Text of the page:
FocusHow individuals understand themselves in social contexts
- Knowledge is … scope of possible actions and interpretations
- Knowing is … acting; self-perception
- Learner is … an actor (in a social context)
- Learning is … self-becoming
- Teaching is … influencing
SynopsisInteractionism focuses on meaning that arises in face-to-face social interactions as it studies how individuals shape and are shaped by society. Interactionism is especially interested in understanding individuals – that is, how they act and how they see themselves in their social contexts. Social interaction is understood to include all language, gestures, and mannerisms, and it is seen have the goal of communication with others.
CommentaryWith its focus on the individual and its interest in social context, Interactionism is described by some as sitting between Phenomenology and Social Constructionism. That positioning might be seen as a strength, but in many critical commentaries it is targeted as a weakness. For example, whereas social class is a major consideration within Social Constructionism, it can be considered unimportant in some studies oriented by Interactionism – simply because generalizations based on large groups of people cannot be assumed of or imposed on individuals under study.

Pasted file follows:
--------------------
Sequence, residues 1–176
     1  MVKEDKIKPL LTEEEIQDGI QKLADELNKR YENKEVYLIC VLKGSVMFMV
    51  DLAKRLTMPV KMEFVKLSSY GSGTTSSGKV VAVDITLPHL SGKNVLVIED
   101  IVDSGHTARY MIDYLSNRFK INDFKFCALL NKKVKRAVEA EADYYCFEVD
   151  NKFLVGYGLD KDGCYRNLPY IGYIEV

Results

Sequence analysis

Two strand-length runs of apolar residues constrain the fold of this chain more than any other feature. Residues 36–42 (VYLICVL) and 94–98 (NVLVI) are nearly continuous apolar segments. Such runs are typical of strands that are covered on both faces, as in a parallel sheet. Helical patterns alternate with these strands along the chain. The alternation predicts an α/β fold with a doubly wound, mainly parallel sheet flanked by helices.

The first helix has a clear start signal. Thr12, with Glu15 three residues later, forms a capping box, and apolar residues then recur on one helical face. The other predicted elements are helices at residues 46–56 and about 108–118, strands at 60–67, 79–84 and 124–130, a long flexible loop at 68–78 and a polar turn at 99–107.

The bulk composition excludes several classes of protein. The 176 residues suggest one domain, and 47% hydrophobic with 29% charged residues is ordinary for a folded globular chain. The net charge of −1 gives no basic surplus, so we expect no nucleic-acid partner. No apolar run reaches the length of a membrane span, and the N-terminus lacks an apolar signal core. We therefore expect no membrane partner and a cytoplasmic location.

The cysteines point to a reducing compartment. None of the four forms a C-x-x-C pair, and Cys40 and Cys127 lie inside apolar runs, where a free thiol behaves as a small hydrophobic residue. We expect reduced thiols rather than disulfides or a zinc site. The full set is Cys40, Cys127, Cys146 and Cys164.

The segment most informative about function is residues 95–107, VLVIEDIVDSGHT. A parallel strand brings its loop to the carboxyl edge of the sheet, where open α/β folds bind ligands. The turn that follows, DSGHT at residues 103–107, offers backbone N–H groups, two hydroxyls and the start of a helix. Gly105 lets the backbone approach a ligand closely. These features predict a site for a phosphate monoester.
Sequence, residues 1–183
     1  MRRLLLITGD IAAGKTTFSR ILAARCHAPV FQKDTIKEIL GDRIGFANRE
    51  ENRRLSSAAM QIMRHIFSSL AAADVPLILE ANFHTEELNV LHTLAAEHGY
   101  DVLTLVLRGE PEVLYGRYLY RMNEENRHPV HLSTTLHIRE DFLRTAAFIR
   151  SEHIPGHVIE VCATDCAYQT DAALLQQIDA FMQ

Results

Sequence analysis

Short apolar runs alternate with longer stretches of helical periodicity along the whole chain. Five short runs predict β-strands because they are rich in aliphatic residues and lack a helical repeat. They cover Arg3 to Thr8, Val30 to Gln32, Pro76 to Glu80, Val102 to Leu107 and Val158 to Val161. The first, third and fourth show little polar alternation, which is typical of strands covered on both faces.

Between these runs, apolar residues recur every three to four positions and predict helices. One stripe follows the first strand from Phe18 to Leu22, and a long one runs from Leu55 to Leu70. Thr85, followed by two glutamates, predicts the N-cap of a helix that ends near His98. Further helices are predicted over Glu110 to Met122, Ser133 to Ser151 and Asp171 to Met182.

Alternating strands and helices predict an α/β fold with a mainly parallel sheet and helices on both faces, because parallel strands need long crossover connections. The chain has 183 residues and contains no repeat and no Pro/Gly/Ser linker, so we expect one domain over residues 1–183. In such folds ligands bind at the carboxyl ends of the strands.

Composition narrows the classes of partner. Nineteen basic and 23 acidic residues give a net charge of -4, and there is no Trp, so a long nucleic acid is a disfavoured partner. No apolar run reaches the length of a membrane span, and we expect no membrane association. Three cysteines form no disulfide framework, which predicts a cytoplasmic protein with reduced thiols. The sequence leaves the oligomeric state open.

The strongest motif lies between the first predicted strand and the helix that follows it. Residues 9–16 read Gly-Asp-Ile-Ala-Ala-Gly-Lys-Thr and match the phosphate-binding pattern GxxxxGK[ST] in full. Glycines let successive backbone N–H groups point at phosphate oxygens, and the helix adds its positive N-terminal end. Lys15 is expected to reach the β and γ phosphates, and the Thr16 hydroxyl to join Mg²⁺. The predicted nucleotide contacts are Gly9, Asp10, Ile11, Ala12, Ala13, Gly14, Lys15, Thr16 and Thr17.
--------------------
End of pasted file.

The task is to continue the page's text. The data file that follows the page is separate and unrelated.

Authors and/or Prominent InfluencesGeorge Herbert Mead
Status as a Theory of LearningInteractionism is a theory of learning, with a particular focus on social influences on individual identity.
Status as a Theory of TeachingInteractionism is not a scientific theory of teaching, although the interactive structure of the teacher–student relationship is a common focus of researchers oriented by Interactionism.
Status as a Scientific TheoryInteractionism is both a theoretical and a methodological discourse. Regard the latter, it was among the perspectives that helped pave the way to research methods in the human and social sciences that did not rely on measurement and replication. Interactionism meets our criteria of a scientific theory.
Please cite this article as:
Davis, B., & Francis, K. (2020). “Interactionism” in Discourses on Learning in Education. https://learningdiscourses.com.
⇦ Back to Map
⇦ Back to List